This is hilarious! Even to one with only a rudimentary knowledge of the First and Second Ages like me, the beatification of Galadriel in the document purporting to be her biography accompanied by a number of extremely snarky and equally hilarious footnotes, is enough to make me ROTFL! Clodia takes advantage of all of the conflicting accounts of Galadriel found in the varying versions of her background to be found not only in the Silm, but in other accounts, to create a completely bogus biography of a smug, saintly (by certain definitions of that word) know-it-all, with a definite martyr complex and a complete lack of judgement. Rounding out the humor is the epilogue, dealing with the provenance of said "biography". A very funny bit of meta!
Reviewed by: curiouswombat ✧ Score: 5
I loved this story so much when I first read it, and just as much now that I have gone back to it for the MEFAs. Clodia is a young lady with a wonderful command of language and a distinctive, and somewhat impish, sense of humour. She has clearly read some of those wonderful books written about intrepid lady explorers of the nineteenth and early twentieth century (which always make me think of Ronni Ancona...), and she puts this knowledge to good use as she tells us the story of Alatáriel and Teleporno setting out to civilise and enlighten Middle Earth. Of course Galadriel would deny it all... This story should, really, carry a 'liquids warning' to protect the keyboards of the innocent!
Reviewed by: Jael ✧ Score: 4
Leave it to Clodia to catch the perfect Polly Prissy-Pants flavor of the missionary lady bringing civilized ways to the benighted savages. This is why Tolkien should really have left well enough alone and not attempted to rehabilitate the motivations of Galadriel. Thank goodness it never got officially published. But Clodia has certainly taken those lemons (the fruit, not the erotic genre)and served us up a tasty treat of lemonade. This story is hilarious. And that's after you've stopped giggling about 'Teleporno'.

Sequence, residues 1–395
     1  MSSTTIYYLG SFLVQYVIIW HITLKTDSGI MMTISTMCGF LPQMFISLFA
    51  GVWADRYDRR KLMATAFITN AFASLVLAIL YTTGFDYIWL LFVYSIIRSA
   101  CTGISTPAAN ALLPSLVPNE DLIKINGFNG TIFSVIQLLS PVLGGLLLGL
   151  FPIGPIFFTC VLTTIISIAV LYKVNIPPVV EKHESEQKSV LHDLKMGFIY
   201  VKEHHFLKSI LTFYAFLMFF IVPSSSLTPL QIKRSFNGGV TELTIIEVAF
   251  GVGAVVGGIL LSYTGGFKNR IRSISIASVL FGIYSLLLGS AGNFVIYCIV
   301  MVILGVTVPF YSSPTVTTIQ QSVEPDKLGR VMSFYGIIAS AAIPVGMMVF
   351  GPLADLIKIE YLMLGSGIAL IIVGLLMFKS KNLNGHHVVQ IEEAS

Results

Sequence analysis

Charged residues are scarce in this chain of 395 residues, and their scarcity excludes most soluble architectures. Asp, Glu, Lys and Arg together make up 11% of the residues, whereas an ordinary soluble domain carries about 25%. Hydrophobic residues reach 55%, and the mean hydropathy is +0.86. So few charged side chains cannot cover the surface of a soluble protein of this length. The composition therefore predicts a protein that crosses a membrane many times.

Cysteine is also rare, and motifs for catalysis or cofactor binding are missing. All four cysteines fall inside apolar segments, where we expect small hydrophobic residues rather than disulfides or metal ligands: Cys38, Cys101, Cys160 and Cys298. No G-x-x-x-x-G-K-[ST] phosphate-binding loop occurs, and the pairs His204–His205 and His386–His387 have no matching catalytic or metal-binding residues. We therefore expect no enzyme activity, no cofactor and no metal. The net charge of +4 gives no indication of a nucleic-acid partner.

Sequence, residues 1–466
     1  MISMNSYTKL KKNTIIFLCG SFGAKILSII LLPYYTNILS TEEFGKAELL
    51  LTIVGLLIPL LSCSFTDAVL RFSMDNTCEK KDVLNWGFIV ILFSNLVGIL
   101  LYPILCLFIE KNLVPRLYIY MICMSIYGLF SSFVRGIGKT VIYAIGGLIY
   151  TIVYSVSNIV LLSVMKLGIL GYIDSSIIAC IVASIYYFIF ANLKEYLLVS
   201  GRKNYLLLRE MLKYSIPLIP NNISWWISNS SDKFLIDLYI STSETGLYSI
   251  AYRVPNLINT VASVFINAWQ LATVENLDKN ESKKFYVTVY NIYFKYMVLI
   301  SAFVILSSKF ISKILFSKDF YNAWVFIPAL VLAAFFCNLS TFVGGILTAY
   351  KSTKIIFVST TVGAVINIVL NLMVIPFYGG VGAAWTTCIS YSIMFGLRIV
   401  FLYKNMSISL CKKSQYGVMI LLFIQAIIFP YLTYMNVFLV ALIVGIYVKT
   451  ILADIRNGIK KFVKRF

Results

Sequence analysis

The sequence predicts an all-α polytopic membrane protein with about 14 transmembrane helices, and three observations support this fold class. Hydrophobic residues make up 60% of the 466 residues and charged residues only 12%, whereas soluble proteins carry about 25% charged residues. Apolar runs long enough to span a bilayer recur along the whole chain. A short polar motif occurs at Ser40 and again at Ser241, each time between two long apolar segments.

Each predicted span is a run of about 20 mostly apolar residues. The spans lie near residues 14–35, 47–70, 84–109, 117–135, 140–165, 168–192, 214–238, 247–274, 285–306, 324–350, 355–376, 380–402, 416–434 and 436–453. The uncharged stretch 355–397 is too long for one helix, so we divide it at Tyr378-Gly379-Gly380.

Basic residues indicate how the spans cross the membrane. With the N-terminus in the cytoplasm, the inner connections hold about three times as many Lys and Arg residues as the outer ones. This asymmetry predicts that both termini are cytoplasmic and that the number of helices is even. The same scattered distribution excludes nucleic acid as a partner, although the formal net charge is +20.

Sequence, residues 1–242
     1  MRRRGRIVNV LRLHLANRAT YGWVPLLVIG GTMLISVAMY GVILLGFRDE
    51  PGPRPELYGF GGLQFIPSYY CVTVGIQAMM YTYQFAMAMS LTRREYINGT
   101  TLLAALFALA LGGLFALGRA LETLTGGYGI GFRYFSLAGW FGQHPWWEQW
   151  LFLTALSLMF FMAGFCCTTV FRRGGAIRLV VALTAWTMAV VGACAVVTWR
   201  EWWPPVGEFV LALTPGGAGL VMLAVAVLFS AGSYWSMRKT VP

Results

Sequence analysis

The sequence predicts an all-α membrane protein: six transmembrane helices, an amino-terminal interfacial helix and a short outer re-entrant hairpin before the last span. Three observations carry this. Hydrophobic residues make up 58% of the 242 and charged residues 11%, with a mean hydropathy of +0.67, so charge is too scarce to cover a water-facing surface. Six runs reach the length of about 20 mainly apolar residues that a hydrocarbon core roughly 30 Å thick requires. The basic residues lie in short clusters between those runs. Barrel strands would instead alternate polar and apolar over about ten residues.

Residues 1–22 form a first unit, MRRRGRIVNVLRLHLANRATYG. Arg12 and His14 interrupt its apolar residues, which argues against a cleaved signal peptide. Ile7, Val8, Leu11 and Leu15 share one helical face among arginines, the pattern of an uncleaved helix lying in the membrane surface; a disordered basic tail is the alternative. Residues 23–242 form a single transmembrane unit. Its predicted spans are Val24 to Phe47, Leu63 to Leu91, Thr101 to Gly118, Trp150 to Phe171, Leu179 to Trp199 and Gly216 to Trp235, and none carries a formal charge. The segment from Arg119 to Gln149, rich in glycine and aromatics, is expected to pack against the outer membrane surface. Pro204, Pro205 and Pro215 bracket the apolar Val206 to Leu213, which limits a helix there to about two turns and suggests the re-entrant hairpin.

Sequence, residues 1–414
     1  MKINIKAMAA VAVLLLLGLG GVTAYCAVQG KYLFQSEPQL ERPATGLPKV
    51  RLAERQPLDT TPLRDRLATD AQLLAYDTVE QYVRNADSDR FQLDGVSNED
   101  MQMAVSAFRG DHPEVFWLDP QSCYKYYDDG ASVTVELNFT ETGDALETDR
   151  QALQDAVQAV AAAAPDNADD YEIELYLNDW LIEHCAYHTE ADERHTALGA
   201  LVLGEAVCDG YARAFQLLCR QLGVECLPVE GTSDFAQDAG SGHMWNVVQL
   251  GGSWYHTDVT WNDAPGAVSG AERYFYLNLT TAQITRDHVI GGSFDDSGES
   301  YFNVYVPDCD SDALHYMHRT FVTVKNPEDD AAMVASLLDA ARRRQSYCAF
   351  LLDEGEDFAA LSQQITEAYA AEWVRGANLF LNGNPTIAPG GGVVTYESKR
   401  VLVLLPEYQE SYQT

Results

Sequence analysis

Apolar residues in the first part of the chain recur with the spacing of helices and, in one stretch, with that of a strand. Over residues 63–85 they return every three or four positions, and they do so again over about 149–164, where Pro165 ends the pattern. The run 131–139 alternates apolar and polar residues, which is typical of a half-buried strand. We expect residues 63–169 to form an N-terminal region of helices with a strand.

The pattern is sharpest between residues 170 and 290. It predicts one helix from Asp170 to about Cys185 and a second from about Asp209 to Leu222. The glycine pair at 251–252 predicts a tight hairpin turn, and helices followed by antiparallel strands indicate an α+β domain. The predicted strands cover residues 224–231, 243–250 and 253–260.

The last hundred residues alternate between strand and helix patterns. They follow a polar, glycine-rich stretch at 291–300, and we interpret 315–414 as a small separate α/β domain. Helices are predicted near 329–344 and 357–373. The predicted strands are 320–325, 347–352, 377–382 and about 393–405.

Reviewed by: Celeritas ✧ Score: 4
This has to be one of the most original fics I've encountered in this past year, using all of the tools available to an academic to create a (rather snarkily) annotated text that explains, once and for all, why Tolkien encountered so many variant texts on Celeborn and Galadriel. The satire of the Victorian missionary genre is perfect, as is the extrapolation of what happens when the rumor mill meets with immortal eyewitness accounts, and the final hints as to who wrote this thing and why are icing on the proverbial cake.
Reviewed by: Larner ✧ Score: 4
The oh, so prim and proper depiction of the protagonists, the exaggerated mannerisms, the nonstandard eponyms used, and the self-righteous voice in which the tale is written make it a quintessential morality tale that must have embarrassed the Lady Galadriel and her beloved husband! It certainly makes me cringe at times, even as I'm shaking my head with delight at the sly humor of it.